Peace of mind

Inside the crowded Long Beach Performing Arts Center, on a stage that hosted the likes of Microsoft founder Bill Gates and former U.S. military commander Stanley McChrystal during the preceding 48 hours, Albemarle County school teacher John Hunter interrupted his speech to take attendance.

What did Albemarle County gifted teacher and World Peace Game creator John Hunter think of the TED conference? “A spontaneous eruption of collaboration,” he says—much like his classroom when the game is played.

“If Al Gore is here, I’m going to send my fourth graders from Agnor-Hurt and Venable elementary schools to see you,” said Hunter during TED2011, an annual conference featuring lectures from experts in the fields of technology, education, design and beyond. “Because they solved global warming in a week.”

Last year, filmmaker Chris Farina’s World Peace…and Other Fourth Grade Achievements premiered to a packed Paramount Theater. The film documents Hunter’s personal evolution as well as the longtime local teacher’s curious and inventive board game—a 4′ cube littered with pieces, governed by a lengthy global crisis dossier as well as the competing curiosities of his students.

“I allow them to go there and, through their own experience, learn in a bloodless way how not to do what they consider to be the wrong thing,” Hunter told a visibly rapt TED audience. “And they find out what is right their own way, their own selves.”

Hunter’s appearance at TED is a high water mark for both teacher and filmmaker. During the last year, Hunter and Farina traveled extensively to discuss the World Peace Game and film. While the TED conference landed the pair among other inventive figures—including Al Gore, who received a copy of the film—it also raises the question of where they will head next.

Farina, who said the film cost roughly $120,000 to make, says he would love to see World Peace broadcast nationally. “I would think by June 1, we should have a fixed commitment on that,” he tells C-VILLE by phone. Farina declined to name networks, but says, “We’ve been talking with a few different entities.” The film has already been broadcast internationally, in South Korea and Israel, and rumor has it that at least one major premium cable network is interested. For his next project, Farina says he would like to make a film about the Jefferson School, Charlottesville’s historic all-black school that is currently undergoing a multi-million-dollar renovation.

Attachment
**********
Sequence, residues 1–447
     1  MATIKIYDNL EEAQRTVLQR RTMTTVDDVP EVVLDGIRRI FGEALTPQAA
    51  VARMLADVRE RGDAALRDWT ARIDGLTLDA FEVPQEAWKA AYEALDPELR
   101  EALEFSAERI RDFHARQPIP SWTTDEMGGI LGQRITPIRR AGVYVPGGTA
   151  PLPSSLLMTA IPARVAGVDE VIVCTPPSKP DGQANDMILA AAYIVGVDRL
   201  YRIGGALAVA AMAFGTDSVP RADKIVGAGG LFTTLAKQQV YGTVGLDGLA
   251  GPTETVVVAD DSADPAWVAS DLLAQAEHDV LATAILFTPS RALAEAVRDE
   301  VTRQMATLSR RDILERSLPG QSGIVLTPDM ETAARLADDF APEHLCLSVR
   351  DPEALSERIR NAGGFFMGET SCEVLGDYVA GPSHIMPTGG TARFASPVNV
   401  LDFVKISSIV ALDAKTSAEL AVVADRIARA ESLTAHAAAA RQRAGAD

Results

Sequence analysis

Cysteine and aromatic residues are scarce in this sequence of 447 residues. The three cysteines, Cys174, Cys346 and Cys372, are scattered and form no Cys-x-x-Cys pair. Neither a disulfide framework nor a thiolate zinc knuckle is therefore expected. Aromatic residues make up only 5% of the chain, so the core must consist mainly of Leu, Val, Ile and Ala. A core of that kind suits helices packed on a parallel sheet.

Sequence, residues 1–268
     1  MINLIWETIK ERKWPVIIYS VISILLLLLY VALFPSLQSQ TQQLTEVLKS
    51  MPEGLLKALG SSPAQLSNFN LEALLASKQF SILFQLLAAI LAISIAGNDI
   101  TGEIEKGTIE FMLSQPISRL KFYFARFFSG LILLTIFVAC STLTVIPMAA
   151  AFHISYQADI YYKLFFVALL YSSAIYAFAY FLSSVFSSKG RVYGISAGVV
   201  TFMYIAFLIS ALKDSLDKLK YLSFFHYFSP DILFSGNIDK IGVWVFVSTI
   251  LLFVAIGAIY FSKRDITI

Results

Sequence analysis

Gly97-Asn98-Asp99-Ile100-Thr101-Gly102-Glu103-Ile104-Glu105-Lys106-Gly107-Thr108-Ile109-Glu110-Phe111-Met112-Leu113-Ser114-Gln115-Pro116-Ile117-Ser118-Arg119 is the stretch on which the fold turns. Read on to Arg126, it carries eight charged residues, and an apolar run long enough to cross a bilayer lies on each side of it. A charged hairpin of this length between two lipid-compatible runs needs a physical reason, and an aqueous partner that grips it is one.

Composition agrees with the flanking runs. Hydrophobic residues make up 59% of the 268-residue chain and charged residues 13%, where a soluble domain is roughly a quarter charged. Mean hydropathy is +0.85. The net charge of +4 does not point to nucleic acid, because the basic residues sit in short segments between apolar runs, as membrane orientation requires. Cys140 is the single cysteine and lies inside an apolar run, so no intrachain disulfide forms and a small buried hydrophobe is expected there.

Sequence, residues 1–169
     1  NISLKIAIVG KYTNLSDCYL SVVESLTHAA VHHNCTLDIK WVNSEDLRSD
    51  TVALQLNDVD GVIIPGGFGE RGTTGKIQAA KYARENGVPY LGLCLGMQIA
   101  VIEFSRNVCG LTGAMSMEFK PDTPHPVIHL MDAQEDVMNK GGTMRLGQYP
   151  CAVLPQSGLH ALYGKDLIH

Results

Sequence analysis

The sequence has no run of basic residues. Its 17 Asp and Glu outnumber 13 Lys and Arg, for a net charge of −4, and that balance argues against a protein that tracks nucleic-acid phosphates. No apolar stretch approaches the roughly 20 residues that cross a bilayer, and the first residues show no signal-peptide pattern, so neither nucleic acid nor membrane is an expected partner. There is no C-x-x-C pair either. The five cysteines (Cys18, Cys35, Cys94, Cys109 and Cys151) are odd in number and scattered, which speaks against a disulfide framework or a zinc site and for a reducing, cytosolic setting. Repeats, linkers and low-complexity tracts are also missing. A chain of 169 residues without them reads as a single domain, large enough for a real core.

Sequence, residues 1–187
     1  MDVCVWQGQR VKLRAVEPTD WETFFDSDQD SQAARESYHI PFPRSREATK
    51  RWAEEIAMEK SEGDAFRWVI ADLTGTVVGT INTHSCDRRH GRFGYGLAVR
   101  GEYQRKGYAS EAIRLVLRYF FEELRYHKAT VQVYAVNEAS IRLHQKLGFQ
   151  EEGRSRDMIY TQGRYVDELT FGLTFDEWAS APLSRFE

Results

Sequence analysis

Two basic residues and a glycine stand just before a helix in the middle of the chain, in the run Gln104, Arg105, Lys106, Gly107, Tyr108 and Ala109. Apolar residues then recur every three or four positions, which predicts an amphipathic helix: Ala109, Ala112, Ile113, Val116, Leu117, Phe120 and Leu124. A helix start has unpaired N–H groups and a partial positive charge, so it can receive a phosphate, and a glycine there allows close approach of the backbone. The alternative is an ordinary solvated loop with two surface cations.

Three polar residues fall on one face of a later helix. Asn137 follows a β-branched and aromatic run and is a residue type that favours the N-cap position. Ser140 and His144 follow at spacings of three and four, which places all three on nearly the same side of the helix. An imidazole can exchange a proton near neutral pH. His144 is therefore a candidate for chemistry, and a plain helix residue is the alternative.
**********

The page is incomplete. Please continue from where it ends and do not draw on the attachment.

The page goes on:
Following the March TED conference, attendees and presenters mingled at a picnic, where Hunter says he and Farina received loads of business cards—from would-be collaborators and developers, individuals who want to host the pair for a talk or work with them. (Hunter says he received multiple inquiries from programmers who want to develop a digital version of the World Peace Game.) The pair plans to travel for similar presentations at Google’s headquarters in California, the Aspen Institute and—frankly, the list goes on for some time.

However, Hunter says he “can’t afford to take a lot of time from the classroom.” And while he is thinking about the legacy of the World Peace game, and recently began the process of launching a nonprofit to help students develop tools “that decrease suffering and increase compassion through problem solving,” Hunter plans to remain at Agnor-Hurt.

“I’ll still play with them,” says Hunter, “if they’ll still play with me.” 

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